13 November 2017

Enter the Millennials

Consider the generation you were born in, the years can change depending on your source, yet here is a quick reference if you are unsure where society bands you:

generation band

The generation that is currently occupying Year 12 is the tail end of Generation Y; the millennials, they are also blurred with the start of Generation Z or aptly named iGeneration. To date most of those born at the turn of the 21st century, hence the name millennials, have been in school, university or in the infancy of their chosen careers. Yet now, the world is starting to grapple with the generation of millennials moving deeper into their chosen careers.

As educators, we are now accustomed to hearing the well worn rhetoric of, 'we do not know what type of world we are preparing our students for', yet perhaps it is more clearly defined than we may first think.

As a generation 'Millennials' are the most entrepreneurial for some time. More than 275,000 new business start up each year, a significant proportion by those under 36 years of age.' (Ruthven, 2017).

When considering that as a College we now have a number of students in the Senior School who have engaged in e-commerce and established their own businesses through a range of mediums that were unavailable to a previous generation it does leave us pondering how best to educate a generation born into the borderless world of the internet.

In a report released by the Regional Australia Institute in November of 2016 a toolkit was provided for parents and students to consider how to set kids up for success in the 2030 job market. This toolkit can be found here: https://www.thefutureofwork.net.au/.

This resource provides some excellent reading for parents who are looking to support what we are actively working on as a College through the International Baccalaureate Approaches to Learning. By explicitly teaching skills accompanied with the content of the Australian Curriculum, we aim to support the next generation of the Australian workforce. More information about the way we do this as a College can be found here: https://home.scotch.wa.edu.au/teachingandlearning/.

Considering we have students in our Early Learning Centre who were born in 2013, we had best continue to consider how we reimage education to suit the needs of those students now and in the future.

Works Cited

Ruthven, P. (2017, August). Here come the Millennials. Company Director, 33(07), 26-237.

Mr Peter Allen
Director of Teaching and Learning

Curtin University Expands Credit Arrangements

In March of this year the College was delighted to have the International Baccalaureate Diploma programme receive credits for first year university courses as approved by the Deputy Vice Chancellor - Academic, Professor Jill Downie. This arrangement allows IB Diploma students to apply for credit on a case by case basis if they achieve a final grade of six or higher in their Diploma course.

In March, Credit for Recognised Learning was granted for the following units:

Scotch College International Baccalaureate Diploma Programme

CRL Credit Points

Special Conditions/Further Information

Physics (HL)

25 credits

Specified credit for PHYS1005 Physics 1

Chemistry (HL)

25 credits

Specified credit for CHEM1000 Principles and Processes in Chemistry

Economics

25 credits

Exemption for ECON1000 Introductory Economics

Economics and Business Management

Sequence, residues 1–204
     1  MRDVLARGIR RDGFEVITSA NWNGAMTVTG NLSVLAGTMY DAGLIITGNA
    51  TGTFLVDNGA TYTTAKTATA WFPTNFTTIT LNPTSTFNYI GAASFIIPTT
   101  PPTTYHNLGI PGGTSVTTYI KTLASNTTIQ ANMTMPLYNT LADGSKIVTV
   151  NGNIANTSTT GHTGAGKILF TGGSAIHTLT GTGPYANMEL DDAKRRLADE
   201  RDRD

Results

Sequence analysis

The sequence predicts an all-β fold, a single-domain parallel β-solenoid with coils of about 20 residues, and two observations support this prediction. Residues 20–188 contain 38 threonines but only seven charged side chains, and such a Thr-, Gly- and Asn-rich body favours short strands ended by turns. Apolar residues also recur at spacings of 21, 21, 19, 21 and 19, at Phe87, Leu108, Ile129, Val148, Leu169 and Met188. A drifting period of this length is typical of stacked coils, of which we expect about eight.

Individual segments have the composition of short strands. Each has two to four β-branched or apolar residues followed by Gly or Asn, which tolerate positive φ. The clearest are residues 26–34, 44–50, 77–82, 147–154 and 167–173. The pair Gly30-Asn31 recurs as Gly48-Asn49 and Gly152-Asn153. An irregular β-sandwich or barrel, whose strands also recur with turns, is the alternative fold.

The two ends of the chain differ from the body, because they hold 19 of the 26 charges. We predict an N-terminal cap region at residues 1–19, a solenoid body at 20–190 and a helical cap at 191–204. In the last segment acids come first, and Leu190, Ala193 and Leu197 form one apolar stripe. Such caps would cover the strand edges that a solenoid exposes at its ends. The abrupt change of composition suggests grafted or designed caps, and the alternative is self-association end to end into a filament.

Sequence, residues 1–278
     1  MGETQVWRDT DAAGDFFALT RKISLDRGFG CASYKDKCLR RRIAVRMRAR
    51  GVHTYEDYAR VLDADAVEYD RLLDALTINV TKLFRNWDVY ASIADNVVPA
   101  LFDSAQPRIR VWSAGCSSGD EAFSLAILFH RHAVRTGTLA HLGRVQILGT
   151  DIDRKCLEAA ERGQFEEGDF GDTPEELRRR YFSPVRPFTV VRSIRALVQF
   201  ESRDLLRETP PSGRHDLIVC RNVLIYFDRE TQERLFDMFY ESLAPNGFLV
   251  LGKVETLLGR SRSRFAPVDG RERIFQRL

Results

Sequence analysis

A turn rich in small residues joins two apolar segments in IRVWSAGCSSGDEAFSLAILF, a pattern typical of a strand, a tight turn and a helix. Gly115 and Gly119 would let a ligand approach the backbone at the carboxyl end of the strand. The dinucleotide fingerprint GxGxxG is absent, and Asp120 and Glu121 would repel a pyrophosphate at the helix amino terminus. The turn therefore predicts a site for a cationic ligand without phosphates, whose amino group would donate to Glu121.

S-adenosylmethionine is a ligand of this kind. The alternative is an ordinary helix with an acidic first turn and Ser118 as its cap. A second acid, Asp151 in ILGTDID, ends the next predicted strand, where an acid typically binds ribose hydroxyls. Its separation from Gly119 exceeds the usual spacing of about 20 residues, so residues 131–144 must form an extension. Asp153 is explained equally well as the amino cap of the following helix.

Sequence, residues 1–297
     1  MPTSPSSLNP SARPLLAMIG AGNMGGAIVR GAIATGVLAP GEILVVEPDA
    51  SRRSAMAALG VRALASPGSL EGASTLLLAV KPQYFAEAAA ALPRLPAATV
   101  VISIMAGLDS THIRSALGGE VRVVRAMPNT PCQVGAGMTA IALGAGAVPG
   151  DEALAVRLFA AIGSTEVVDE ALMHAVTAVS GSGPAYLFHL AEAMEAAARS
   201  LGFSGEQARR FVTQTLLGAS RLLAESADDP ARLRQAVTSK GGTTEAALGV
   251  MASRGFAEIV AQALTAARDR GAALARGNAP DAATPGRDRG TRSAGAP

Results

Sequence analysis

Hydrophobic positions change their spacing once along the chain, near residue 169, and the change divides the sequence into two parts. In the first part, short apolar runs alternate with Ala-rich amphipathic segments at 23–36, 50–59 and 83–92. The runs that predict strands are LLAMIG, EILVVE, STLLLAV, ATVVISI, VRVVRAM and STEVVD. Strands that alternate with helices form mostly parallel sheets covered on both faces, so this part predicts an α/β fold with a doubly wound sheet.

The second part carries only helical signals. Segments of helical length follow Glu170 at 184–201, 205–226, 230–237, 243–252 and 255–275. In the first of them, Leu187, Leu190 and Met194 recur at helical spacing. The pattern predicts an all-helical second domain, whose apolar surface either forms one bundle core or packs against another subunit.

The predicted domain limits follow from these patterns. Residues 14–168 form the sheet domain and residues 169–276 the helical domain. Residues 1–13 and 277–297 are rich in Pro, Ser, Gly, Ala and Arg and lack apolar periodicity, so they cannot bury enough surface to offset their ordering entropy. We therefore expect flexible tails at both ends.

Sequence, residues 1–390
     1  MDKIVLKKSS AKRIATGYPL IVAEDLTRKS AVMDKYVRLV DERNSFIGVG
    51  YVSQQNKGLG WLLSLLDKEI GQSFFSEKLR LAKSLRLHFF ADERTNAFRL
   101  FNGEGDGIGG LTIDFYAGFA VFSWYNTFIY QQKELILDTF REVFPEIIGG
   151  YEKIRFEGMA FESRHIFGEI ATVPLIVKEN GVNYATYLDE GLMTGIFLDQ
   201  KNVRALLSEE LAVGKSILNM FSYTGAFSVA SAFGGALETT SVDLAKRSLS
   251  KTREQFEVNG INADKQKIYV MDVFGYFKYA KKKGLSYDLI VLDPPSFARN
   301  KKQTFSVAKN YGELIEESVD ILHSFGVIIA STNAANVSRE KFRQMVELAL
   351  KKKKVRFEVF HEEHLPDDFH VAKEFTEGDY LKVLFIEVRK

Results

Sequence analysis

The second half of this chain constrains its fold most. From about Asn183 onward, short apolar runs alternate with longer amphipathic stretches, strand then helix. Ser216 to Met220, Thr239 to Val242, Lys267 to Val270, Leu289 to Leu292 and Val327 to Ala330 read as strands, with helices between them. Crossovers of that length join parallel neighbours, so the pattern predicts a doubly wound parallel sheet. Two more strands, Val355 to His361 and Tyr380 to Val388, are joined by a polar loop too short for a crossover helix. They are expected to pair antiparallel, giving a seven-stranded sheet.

50 credits

Exemption for ECON1000 Introductory Economics (25 credits) and one unspecified elective (25 credits)

Mathematics (HL)

25 credits

Specified credit for MATH1015 Linear Algebra

Psychology (HL)

25 credits

Specified credit for PSYC1000 Introduction to Psychology

We are equally delighted that our IB Diploma students are now able to apply for credits in the following subjects:

Scotch College International Baccalaureate Diploma Programme

CRL Credit Points

Curtin Units

History

50 credits

Specified credits for HIST1000 Legacies of Empire (25 credits - Semester 1) and INTR1001 Australia and Asia Transformed (25 credits - Semester 2)

Global Politics

25 credits

Specified credit for INTR2000 International Relations Theory and Practice

Information Technology in a Global Society

25 credits

Specified credit for NET1001 Web Communications (also recommend to complete How Media Got Social MOOC before starting higher level Internet Communications units)

Language and Literature

25 credits

Specified credit for CWRI1003 Narrating Selves - contingent on independent assessor deeming Language and Literature course to be required AQF level for entry to Curtin program and SL is adequate

Geography

25 credits

Specified credit for GEOG1000 Human Geography

Biology

25 credits

Specified credit for BCCB1000 Cell Biology

Design Technology

25 credits

Specified credit for GRDE1016 Digital Design Process offered for Animation and Game Design Major and Digital Design Major. All other single majors receive 25 credits for elective units

Sports, Exercise and Health Science (HL)

25 credits

Specified credit for HUMB1000 Human Structure and Function - contingent on high performing IB students who complete Biology (HL) and Sports, Exercise and Health Science (HL)

We believe this is a testament to the rigorous nature of the IB Diploma programme and the value which universities, locally, interstate and internationally are placing on students who have completed the Diploma programme.

Information regarding IB Diploma admission can be found here; this page is soon to be updated with the new arrangements:

The arrangements for the University of Queensland can be found at this link.

The arrangements for Stanford University can be found at this link.